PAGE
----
The EU and Vietnam have concluded the substantive elements of a Free Trade Agreement (FTA), widely-hailed as one of the most ambitious and comprehensive such agreements that the EU has concluded with a developing country. With Vietnam’s growth rate averaging 6.4% per year for the last decade, the World Bank has described it as “one of the most dynamic emerging countries in East Asia.” The agreement will significantly strengthen the position of EU companies in accessing this market of over 90 million consumers.

Key features of the agreement

  • Eliminating customs duties

The EU will remove 99% of its import tariffs over seven years, while Vietnam will abolish 65% of its tariffs when the FTA enters into force and the remainder over ten years. There will be strict provisions related to Rules of Origin to address a key concern that, once tariffs were eliminated, Chinese products (in particular textiles) would flood into Europe masquerading as Vietnamese.  

  • Reducing non-tariff barriers to European exports

Vietnam will adopt international standards for drafting regulations, including sanitary and phytosanitary measures to encourage trade in plant and animal products, and will accept a “Made in EU” origin-marking for non-agricultural goods except pharmaceuticals. Import and export licensing and customs procedures will also be aligned with international best practice.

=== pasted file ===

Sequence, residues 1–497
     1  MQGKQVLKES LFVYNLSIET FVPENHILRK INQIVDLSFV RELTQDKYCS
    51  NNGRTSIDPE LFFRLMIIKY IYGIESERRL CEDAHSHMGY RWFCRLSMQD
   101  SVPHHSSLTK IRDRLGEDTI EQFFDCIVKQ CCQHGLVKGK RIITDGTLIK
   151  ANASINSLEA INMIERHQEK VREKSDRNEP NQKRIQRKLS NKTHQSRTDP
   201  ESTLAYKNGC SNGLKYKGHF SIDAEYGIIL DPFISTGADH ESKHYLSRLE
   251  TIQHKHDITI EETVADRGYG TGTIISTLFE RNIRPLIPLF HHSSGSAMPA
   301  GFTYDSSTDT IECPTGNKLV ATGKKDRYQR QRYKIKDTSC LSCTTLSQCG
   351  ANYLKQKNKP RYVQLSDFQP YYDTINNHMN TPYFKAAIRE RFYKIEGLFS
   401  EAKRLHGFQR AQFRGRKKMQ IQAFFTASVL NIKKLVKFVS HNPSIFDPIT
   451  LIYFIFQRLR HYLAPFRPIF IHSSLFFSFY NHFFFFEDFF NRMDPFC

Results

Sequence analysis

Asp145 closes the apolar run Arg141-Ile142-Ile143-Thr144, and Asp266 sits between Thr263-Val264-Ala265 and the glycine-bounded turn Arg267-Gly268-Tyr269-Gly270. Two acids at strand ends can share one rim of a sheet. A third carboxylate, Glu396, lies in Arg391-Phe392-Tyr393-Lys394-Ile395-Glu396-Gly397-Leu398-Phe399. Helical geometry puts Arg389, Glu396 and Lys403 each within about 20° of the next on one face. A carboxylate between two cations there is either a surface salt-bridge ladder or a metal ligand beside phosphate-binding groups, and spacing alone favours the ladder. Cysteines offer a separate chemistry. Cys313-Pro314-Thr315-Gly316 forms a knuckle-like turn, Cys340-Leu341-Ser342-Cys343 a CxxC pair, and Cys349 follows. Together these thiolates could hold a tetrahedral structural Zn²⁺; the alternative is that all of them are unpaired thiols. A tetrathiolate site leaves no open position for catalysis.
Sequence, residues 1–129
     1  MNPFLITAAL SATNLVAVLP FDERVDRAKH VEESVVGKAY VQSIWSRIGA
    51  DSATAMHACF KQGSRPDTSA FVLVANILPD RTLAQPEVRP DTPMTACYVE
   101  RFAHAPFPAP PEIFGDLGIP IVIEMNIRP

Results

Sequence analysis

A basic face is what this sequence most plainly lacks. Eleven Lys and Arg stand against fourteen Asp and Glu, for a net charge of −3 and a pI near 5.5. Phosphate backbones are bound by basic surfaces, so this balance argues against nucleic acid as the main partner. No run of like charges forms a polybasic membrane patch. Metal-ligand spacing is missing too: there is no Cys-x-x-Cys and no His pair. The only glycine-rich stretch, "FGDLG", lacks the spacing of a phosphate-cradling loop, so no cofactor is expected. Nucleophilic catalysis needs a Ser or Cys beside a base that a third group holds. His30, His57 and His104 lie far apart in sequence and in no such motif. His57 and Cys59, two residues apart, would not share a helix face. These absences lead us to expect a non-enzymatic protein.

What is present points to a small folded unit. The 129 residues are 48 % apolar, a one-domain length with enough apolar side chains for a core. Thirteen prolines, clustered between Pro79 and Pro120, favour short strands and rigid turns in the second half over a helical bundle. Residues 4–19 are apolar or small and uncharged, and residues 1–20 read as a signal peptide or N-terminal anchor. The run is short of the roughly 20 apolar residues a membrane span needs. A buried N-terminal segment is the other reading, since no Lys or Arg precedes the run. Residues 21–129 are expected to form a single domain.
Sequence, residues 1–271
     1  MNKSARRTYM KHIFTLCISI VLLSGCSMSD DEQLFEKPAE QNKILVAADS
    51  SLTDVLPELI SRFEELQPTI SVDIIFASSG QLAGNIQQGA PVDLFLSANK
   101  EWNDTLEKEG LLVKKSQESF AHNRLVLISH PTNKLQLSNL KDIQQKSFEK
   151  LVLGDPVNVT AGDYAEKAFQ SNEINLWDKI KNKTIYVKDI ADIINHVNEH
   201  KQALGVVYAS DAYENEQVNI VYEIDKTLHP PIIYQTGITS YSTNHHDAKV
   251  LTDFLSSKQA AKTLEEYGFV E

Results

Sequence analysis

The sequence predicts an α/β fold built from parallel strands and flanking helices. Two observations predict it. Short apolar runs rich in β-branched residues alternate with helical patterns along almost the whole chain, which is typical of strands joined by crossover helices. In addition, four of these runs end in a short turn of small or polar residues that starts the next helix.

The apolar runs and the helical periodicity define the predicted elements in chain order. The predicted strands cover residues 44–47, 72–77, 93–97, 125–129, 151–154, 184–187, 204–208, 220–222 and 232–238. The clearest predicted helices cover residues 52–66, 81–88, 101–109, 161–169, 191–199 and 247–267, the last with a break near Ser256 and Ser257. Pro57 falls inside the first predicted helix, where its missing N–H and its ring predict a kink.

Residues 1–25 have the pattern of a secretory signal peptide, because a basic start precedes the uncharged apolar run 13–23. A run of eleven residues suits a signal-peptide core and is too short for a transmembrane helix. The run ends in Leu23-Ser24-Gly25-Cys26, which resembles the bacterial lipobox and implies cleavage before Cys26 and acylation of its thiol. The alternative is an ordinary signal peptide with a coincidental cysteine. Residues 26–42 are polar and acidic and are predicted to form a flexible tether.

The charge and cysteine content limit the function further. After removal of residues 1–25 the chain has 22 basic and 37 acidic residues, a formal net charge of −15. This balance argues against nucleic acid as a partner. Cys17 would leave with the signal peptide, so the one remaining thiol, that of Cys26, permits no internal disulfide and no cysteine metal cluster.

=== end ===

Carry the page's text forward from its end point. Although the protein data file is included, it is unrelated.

• Protecting European geographical designations of origin

Over 160 food and drink products including Champagne, Parma Ham and Scotch Whisky will retain in Vietnam the same rights to their geographical designation as they currently have in the EU. Similar protection has been extended to certain Vietnamese products within the EU.  

  • Allowing EU companies to bid for Vietnamese public contracts

EU companies will be able to bid for contracts with public bodies in Vietnam including Vietnamese ministries responsible for infrastructure projects, state-owned enterprises responsible for power distribution and the national railways, 34 hospitals and the cities of Hanoi and Ho Chi Min City.  

  • Creating a level playing field for EU companies and innovative products

Vietnam has committed to ensuring that state-owned enterprises and private companies will compete on a level playing field, to providing transparency on domestic subsidies and to high levels of intellectual property protection. The pharmaceutical industry will benefit specifically, with a dedicated annex in the agreement committed to facilitating trade in this sector.  

  • Opening the Vietnamese market for EU services

For the banking, insurance, maritime transport and business services industries, the agreement includes commitments from Vietnam to improve market access. New regulatory provisions have been agreed in other key areas, such as financial services, telecommunications and postal services.  

  • Promoting and protecting investment

Vietnam will open up a number of key manufacturing industries to EU investment, together with provisions on investment protection.  

  • Establishing an efficient mechanism to resolve future disagreements

A dispute settlement mechanism will be established to provide faster resolution of disputes than the traditional WTO framework. Rules for mediation have also been established as an alternative. 

  • Safeguarding social and environmental protection standards

Both the EU and Vietnam will commit to measures promoting and complying with international obligations on labour standards, corporate social responsibility, climate change and environmental standards.